A neighborhood of soul, of character. People connected to the city. Roots running deep.

It was full of hope. It reminded me that I still had a future. That I would get past this, and something and someone was waiting for me. I'd never known this area existed. How had I discovered something so beautiful in this, the darkest, most lost time I would ever have? Something so full of hope and potential. I could have a home, or an apartment, or even a room. I could live somewhere that felt real. I wouldn't need anything else. A space of my own among the trees and brick. The blank space of my future had a little color now. It wasn't something from the stained past I was clinging to. It was the first time I really saw that there could be a new life for me. A better life.

It would do me well to remember that now. I'm a few years removed from these daily walks. And I don't have the bookends of despair around them anymore. But I'm not in that glorious future either. I'm lost again, but a different kind of lost. Back then there were crushing lows, and dizzying highs. Now, everything is flat. I don't have the righteous anger simmering deep down. I'm just tried.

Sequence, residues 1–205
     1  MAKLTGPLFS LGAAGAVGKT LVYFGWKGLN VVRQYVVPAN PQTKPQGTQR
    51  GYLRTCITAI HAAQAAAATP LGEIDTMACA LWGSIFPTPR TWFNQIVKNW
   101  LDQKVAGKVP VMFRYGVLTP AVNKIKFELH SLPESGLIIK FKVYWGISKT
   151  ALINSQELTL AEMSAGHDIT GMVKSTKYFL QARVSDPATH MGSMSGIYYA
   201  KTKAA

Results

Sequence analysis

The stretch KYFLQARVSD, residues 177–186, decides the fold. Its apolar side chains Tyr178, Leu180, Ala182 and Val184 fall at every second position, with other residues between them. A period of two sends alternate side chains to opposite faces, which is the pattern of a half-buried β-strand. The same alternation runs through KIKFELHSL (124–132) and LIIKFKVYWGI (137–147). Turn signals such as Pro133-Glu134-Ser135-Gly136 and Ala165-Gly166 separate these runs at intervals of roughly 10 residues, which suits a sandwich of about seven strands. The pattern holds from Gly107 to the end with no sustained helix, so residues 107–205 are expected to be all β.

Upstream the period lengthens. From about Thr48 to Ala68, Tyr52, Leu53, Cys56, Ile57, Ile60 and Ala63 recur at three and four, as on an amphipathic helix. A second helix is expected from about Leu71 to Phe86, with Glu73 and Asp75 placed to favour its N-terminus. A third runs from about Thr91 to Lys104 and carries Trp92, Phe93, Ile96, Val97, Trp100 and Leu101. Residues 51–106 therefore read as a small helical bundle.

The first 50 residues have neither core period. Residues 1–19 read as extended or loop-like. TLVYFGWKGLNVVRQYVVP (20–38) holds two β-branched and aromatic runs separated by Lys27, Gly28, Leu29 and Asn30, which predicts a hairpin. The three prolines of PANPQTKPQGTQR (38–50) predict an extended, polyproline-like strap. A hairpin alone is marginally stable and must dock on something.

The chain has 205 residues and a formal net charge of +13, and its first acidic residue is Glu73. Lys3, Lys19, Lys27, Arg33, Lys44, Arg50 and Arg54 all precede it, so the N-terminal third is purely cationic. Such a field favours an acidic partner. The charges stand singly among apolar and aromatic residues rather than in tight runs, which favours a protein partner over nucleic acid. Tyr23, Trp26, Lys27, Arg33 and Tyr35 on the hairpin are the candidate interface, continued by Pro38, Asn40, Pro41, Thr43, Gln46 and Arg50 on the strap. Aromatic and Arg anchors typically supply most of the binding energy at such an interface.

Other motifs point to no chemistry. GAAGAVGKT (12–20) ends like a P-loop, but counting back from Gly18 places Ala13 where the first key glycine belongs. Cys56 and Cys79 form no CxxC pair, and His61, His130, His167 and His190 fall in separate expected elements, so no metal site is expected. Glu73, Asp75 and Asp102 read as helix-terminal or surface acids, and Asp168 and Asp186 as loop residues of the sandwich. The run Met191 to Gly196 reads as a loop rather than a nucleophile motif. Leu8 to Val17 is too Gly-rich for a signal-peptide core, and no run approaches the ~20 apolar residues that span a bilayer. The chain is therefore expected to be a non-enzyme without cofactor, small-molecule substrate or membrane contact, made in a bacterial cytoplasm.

But there was a road lined with tall, dark trees.It is still there. The houses not on the land, but of it. They are there too. The pointed roofs, the painted doors. The porches with benches and knickknacks. Apartments, mansions. All ages and incomes. And I saw myself in them all. One day, when I was free.

I am free now.

It was something that was mine. Not someone else's plan for my future. The first thing that was mine. Maybe ever. And it opened the door at a time when everything was on the table one moment, and the next moment, my life was more restrained than I ever thought possible.

But almost every day I could walk through this neighborhood I didn't even know existed. I could see beautiful old homes, and tall trees and families all living a kind of life that I hadn't been sure was even real. And it gave me hope.

It was easy to hold on to something so bright when everything else was darkness. But now, everything is just gray and the light doesn't stand out so much. But it is there. Its just as bright. Maybe brighter.  I can not give up.  I can get to that streets and those houses. I can finally go home.

I do not have a home. I can't remember I time when I did. Not really. My childhood home belongs to the child, and is tainted with hindsight and melancholy. I only lived in the next house two years before I went to college. There I bounced between dorms and apartments, and now they don't even feel like real places anymore. A version of me lived there that is gone, and was such a stranger.

And now, in this house I am a guest. I've been a guest for years now. It's not mine. I can't ever, truly let go here.

I need a home. On a street. With trees.